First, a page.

Template:Drug Testing table

From Embryology
Drug Testing 
Typical testing of new drug compound today involves a lengthy series of animal and human studies.

Animal studies

Usually tested in at least two mammalian species (rats and guinea pigs) using both single and repeated doses. For determining reproductive effects, tests on both male and female animals with dosing begins 4 weeks prior to mating are conducted to determine effects on fertility in both sexes, on embryogenesis, and on fetal malformation.

Human Clinical trials

Following animal studies to determine dose, efficacy and apparent safety, human studies can commence. Clinical trials are carried out under very strict conditions, set by international regulatory bodies in agreement with the principles espoused in the Declaration of Helsinki. There are four phases to the trials.

  • Phase I trials - conducted in small groups of 10 to 20 healthy young male volunteers. Designed to examine how the drug is absorbed, distributed, metabolised and excreted by the body and to establish the safe dose for phase II trials.
  • Phase II trials - conducted in 50 to 100 patients with the disease rather than healthy volunteers as in phase I. Designed to examine what effect the drug has on the body (heart rate, blood pressure and cognitive effects) depending on the disease the drug is being developed to treat.
  • Phase III trials - conducted in 100’s of patients (larger numbers) with a particular disease or condition and are generally randomised comparative double-blinded studies. Using a comparator of either placebo, another active drug already used, or both. Several phase III trials are usually required by the regulatory authorities. Note that even these studies may not identify uncommon adverse effects, until used widely in the community.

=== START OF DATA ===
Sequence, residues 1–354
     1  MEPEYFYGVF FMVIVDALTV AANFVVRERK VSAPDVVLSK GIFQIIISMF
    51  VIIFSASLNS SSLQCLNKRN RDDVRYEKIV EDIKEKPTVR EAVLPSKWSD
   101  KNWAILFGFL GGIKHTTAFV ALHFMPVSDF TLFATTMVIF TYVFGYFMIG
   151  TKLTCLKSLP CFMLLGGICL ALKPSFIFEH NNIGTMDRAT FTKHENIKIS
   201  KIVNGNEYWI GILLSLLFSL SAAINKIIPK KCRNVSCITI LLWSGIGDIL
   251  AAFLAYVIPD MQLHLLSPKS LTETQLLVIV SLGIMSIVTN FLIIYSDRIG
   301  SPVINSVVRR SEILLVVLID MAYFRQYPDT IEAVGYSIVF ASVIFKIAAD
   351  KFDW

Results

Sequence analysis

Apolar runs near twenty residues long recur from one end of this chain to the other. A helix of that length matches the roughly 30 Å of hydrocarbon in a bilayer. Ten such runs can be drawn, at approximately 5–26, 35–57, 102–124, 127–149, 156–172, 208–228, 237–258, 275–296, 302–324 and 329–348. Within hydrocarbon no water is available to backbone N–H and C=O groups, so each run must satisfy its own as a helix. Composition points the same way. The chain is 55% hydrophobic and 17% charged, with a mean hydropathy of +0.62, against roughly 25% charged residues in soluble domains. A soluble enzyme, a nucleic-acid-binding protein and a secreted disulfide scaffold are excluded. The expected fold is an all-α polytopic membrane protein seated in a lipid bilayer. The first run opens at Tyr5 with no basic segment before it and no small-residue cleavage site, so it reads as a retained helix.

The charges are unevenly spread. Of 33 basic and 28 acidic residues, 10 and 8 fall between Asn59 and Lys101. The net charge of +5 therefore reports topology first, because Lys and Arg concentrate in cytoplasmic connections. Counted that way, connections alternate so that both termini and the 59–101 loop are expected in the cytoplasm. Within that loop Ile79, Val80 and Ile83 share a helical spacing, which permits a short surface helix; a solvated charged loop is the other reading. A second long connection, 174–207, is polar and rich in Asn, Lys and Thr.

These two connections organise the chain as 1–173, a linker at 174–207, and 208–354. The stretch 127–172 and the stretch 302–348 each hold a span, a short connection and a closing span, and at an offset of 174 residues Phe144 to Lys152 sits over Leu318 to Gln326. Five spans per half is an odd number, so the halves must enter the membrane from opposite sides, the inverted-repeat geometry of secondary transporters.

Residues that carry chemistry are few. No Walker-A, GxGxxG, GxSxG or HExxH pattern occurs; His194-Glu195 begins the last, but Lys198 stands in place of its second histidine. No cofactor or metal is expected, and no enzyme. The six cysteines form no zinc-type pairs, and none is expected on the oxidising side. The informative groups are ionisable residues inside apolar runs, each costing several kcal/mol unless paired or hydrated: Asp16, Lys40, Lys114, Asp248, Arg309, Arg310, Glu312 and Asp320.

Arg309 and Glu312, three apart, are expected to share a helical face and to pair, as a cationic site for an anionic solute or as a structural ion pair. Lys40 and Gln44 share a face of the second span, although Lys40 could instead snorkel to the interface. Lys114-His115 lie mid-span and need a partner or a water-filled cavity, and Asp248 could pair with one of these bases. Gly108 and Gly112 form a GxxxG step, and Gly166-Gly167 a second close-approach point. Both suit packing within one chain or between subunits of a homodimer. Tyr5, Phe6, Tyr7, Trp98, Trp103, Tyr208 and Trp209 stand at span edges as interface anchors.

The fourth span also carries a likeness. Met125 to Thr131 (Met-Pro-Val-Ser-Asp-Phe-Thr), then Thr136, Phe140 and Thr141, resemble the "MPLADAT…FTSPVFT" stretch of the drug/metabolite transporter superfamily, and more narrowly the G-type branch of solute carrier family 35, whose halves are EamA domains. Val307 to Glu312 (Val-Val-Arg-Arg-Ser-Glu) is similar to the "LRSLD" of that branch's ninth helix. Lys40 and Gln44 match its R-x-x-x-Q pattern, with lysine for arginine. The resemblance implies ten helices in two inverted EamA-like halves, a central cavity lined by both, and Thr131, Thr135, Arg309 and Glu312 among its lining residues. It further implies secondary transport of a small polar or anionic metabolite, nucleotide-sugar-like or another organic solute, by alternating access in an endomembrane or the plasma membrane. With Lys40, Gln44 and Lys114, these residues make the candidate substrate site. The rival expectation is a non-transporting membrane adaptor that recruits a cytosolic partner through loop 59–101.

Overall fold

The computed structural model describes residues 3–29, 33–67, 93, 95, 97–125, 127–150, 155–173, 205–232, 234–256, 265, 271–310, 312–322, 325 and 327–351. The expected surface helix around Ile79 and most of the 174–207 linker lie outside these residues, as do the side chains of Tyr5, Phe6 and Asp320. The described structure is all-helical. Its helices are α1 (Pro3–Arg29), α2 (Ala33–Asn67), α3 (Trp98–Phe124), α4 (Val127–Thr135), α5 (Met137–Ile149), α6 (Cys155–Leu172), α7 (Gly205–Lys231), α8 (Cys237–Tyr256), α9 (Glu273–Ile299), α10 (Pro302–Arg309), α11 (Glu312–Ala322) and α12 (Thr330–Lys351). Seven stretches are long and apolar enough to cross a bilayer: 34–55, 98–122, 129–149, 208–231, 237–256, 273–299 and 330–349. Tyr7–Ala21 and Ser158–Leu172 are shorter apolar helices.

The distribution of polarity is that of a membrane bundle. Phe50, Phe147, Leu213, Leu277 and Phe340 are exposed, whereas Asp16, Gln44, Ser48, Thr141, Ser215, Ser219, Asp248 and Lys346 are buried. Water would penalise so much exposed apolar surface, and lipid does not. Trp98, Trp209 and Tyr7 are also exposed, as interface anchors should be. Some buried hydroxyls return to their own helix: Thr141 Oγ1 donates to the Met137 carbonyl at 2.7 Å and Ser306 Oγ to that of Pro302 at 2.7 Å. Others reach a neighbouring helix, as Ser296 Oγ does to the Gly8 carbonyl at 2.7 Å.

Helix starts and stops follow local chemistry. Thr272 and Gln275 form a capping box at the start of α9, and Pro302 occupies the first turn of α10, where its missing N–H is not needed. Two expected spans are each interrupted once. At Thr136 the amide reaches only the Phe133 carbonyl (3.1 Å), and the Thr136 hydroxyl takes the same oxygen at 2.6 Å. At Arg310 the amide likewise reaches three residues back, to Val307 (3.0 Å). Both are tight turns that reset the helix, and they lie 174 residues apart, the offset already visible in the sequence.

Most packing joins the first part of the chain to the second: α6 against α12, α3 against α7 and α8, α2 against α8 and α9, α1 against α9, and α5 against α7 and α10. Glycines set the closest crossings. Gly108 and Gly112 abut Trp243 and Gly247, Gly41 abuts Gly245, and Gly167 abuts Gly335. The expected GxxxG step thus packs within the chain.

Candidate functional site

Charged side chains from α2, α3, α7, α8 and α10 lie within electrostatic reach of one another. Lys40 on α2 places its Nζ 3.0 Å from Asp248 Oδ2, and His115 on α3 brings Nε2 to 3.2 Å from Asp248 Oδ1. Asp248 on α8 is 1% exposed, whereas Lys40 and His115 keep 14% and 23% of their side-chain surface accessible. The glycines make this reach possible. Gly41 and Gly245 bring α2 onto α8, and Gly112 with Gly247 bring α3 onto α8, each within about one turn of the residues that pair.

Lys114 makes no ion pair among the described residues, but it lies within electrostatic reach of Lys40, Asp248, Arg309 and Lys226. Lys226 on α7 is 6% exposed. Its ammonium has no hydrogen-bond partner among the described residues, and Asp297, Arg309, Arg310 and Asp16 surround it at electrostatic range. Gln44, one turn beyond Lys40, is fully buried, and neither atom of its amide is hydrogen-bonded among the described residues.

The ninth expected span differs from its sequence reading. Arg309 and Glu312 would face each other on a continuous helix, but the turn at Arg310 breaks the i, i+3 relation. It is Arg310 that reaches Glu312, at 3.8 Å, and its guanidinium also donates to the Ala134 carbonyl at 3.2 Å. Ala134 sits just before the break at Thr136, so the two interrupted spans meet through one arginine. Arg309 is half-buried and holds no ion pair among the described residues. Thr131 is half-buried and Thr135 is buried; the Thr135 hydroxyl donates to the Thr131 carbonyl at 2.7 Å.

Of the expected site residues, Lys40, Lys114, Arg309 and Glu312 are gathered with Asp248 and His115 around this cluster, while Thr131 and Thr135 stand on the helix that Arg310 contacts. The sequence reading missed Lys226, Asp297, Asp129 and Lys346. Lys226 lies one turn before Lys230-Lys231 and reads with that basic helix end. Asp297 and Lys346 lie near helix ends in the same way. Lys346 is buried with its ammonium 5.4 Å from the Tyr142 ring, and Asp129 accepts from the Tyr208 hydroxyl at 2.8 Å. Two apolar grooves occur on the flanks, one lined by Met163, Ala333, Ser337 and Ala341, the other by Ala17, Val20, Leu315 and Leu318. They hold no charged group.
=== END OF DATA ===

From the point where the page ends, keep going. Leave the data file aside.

• Phase IV trials - (post-registration) conducted in 1000’s of patients over several years, these trials are randomised controlled trials undertaken after the drug has been registered.
After phase I to III the pharmaceutical company compiles all study data for independent assessment by government regulatory authorities in each country.

Regulatory Authorities: FDA in the USA, Therapeutic Goods Administration (TGA) in Australia, Medsafe in New Zealand, Medicines & Healthcare products Regulatory Agency (MHRA) in the UK, and Health Products and Food Branch (HPFB) in Canada.

Declaration of Helsinki
The Declaration of Helsinki was developed by The World Medical Association (WMA) as a statement of ethical principles for medical research involving human subjects, including research on identifiable human material and data. The Declaration is intended to be read as a whole and each of its constituent paragraphs should not be applied without consideration of all other relevant paragraphs. It is widely regarded as the cornerstone document on human research ethics. It is named after the location of its initial adoption in Helsinki, Finland, in June 1964.